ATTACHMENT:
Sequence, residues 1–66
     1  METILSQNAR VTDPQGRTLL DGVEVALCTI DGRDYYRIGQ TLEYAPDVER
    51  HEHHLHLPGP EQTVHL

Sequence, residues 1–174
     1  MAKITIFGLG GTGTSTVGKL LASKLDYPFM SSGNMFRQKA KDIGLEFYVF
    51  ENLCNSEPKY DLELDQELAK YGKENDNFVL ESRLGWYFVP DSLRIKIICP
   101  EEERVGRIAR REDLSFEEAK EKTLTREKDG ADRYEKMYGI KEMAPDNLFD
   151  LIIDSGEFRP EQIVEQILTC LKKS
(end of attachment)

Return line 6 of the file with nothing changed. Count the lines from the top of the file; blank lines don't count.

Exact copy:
    51  ENLCNSEPKY DLELDQELAK YGKENDNFVL ESRLGWYFVP DSLRIKIICP